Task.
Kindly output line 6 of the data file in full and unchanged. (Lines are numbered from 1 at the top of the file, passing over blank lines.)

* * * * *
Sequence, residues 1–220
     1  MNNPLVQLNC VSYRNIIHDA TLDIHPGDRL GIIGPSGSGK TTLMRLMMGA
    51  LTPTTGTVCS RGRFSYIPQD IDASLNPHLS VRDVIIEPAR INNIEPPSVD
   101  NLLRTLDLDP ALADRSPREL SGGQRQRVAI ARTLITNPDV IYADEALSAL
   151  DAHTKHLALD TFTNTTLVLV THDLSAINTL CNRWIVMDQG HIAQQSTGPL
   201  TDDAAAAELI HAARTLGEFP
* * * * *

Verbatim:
   201  TDDAAAAELI HAARTLGEFP